Not Your Father's Talmud

Rabbi Adam Chalom of Kol Hadash Humanistic Congregation in suburban Chicago explores the Talmud from a Humanistic perspective, one page a day.

Location: Highland Park, Illinois, United States

Rabbi Adam Chalom is the Rabbi of Kol Hadash Humanistic Congregation in suburban Chicago. He is also the Assistant Dean for the International Institute for Secular Humanistic Judaism.

Thursday, June 02, 2005

The Patience of Hillel - Shabbat 31

Two of the most famous founding figures in Rabbinic Judaism are Hillel and Shammai, and today’s page contains some wonderful maises [stories] about the Hillel’s gentleness and Shammai’s impatience, all to prove the rabbinic saying that “A man should always be gentle like Hillel, and not impatient like Shammai.” Even if what they were teaching is foreign to us, the lesson of gentle persuasion is not lost.

Two men make a bet of 400 zuzim that one of them can get Hillel mad, so he shows up on erev Shabbat [Shabbat eve] to urgently ask a silly question, go away, then come back a few moments later with another – why do Babylonians have round heads, or Palmyreans bleared eyes, or why Africans have wide feet, and so on. Hillel responds to each question patiently, and the man eventually complains that he has lost the 400 zuzim. Hillel answers that too – Hillel is worth more than 400 or even 800 zuzim, and he will still not lose his temper. The next time we find ourselves about to blow our top to save a few bucks, we can consider this and think twice.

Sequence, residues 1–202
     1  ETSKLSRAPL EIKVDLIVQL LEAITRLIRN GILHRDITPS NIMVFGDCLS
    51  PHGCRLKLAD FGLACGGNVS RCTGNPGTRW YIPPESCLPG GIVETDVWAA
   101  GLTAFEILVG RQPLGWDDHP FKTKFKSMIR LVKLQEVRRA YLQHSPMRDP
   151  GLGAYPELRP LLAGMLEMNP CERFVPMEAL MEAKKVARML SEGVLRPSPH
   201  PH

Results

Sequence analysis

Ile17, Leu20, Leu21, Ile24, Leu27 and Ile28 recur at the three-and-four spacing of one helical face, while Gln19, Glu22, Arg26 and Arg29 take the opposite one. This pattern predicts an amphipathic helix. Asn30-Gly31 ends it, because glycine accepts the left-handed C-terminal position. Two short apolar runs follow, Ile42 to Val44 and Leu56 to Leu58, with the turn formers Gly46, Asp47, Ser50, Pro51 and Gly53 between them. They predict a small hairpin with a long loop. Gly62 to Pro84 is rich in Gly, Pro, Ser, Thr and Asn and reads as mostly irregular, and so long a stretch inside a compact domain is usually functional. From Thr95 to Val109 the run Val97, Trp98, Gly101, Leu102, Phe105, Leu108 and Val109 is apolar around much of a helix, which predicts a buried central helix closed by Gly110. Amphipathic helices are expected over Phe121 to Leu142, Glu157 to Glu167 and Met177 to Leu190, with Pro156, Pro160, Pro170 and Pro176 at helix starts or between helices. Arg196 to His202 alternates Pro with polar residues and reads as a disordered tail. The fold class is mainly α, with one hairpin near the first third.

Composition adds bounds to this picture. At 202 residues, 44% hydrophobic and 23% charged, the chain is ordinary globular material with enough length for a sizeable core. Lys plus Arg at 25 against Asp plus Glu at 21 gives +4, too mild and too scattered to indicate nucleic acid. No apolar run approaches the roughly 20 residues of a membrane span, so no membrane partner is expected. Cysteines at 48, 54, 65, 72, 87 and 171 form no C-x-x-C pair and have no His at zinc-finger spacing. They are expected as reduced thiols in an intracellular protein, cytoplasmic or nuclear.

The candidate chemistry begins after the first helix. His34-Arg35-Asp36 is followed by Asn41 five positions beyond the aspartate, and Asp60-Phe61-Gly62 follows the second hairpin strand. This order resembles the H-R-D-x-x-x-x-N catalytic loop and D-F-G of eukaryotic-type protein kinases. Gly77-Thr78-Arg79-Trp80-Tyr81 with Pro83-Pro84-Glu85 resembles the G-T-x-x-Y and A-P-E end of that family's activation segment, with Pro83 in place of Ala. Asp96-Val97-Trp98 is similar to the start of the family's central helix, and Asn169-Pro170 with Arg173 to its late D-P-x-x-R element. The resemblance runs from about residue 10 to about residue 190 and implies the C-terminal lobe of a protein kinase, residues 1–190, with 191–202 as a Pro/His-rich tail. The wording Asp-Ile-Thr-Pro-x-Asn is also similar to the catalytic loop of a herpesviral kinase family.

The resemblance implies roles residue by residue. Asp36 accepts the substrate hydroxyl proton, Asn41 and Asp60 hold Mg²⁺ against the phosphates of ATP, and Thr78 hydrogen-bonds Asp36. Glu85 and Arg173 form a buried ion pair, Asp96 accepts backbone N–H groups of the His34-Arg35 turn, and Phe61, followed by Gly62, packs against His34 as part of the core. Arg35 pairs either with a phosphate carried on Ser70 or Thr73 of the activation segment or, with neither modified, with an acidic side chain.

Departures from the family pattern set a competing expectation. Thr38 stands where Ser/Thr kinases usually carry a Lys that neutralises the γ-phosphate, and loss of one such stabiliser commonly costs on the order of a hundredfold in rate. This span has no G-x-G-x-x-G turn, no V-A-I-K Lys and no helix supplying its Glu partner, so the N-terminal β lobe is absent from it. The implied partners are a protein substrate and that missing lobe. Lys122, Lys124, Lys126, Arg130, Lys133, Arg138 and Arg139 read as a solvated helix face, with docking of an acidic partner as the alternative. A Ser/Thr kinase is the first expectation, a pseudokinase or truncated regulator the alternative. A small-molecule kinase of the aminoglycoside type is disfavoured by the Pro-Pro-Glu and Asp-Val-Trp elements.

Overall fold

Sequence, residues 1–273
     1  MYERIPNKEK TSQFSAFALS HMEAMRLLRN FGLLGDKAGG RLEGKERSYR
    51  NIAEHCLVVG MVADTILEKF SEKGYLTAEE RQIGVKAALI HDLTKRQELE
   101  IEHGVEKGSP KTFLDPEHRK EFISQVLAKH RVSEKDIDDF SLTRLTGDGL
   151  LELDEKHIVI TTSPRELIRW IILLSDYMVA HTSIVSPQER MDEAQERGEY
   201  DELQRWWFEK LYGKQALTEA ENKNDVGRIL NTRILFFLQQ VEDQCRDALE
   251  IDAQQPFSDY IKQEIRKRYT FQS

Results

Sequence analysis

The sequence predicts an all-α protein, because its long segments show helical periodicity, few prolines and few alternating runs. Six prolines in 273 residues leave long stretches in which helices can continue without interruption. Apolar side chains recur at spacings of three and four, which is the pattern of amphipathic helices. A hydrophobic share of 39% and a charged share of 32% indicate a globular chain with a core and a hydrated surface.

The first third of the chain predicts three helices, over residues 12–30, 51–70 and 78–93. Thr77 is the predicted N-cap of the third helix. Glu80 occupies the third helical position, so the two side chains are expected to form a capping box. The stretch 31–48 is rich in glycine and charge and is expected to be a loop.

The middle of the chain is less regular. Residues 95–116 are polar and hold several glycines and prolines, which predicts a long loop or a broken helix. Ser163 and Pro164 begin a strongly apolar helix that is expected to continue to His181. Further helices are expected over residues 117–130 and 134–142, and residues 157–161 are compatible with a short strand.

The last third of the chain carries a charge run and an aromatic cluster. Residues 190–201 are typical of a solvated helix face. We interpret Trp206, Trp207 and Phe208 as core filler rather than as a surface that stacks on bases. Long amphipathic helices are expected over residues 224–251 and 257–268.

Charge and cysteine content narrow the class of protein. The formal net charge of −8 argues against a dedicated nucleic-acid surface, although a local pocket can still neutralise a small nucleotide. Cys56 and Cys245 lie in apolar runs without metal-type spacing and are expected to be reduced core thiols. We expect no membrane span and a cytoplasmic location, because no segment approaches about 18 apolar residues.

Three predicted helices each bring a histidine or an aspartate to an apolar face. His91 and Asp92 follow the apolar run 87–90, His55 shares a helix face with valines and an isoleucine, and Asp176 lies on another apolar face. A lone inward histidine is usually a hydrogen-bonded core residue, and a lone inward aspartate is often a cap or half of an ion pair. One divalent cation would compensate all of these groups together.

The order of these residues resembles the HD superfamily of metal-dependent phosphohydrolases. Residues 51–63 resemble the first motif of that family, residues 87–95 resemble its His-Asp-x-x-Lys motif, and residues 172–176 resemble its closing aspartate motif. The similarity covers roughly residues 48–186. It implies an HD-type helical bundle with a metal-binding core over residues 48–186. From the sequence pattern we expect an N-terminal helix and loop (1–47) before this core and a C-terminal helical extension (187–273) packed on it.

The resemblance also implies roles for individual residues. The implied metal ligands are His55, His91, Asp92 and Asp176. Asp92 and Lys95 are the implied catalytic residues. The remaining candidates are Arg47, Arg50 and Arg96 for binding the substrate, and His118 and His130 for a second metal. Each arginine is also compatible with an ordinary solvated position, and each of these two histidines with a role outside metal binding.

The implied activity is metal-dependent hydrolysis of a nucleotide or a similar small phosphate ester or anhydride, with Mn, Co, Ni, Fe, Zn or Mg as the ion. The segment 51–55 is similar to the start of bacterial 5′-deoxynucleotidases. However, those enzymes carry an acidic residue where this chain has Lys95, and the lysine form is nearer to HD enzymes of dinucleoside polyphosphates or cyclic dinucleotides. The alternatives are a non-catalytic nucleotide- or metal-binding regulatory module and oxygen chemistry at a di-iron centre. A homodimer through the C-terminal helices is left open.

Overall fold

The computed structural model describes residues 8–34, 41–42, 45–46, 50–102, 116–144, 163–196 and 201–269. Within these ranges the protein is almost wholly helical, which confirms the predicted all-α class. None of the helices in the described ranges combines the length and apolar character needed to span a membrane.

A non-Jew came to Shammai asking how many torot the Jews have, and when he is told of the Oral and Written Torah, he says, “I believe you for the Written Torah but not the Oral Torah [i.e. rabbinic teachings] – teach me only the Written Torah.” Shammai scolded and repulsed him. When the same man came to Hillel, the first day Hillel taught him “Aleph, Bet, Gimmel, Daled” [the first four letters of the Hebrew alphabet], but on the second day he taught them backwards. The convert says, “that’s not what you taught me yesterday!” And Hillel responds, “don’t you have to trust me, your teacher, to tell you what’s true? So trust me with the Oral Torah too!” We see here how important it is to demonstrate one’s authority as a teacher by showing knowledge rather than asserting authority.

The most famous ma’aseh [story], that of the convert wanting to know the entire Torah while standing on one foot, concludes with Hillel’s famous summary: “What is hateful to you, do not to your neighbour: that is the whole Torah, while the rest is the commentary thereof; go and learn it.” And the fourth concerns a non-Jew who wanted to become High Priest, was driven away by Shammai with a yardstick, but accepted by Hillel to begin studying. Hillel set him studying the laws of government, where he read that even David as a non-priest could not come close to the sanctuary, so kal va-khomer [how much more so] a convert! And he thanked Hillel for his welcoming patience. Let people learn for themselves, and they will thank you for empowering them. In some sense, this is the rationale behind this entire Talmud Blog!

Rabbi Adam Chalom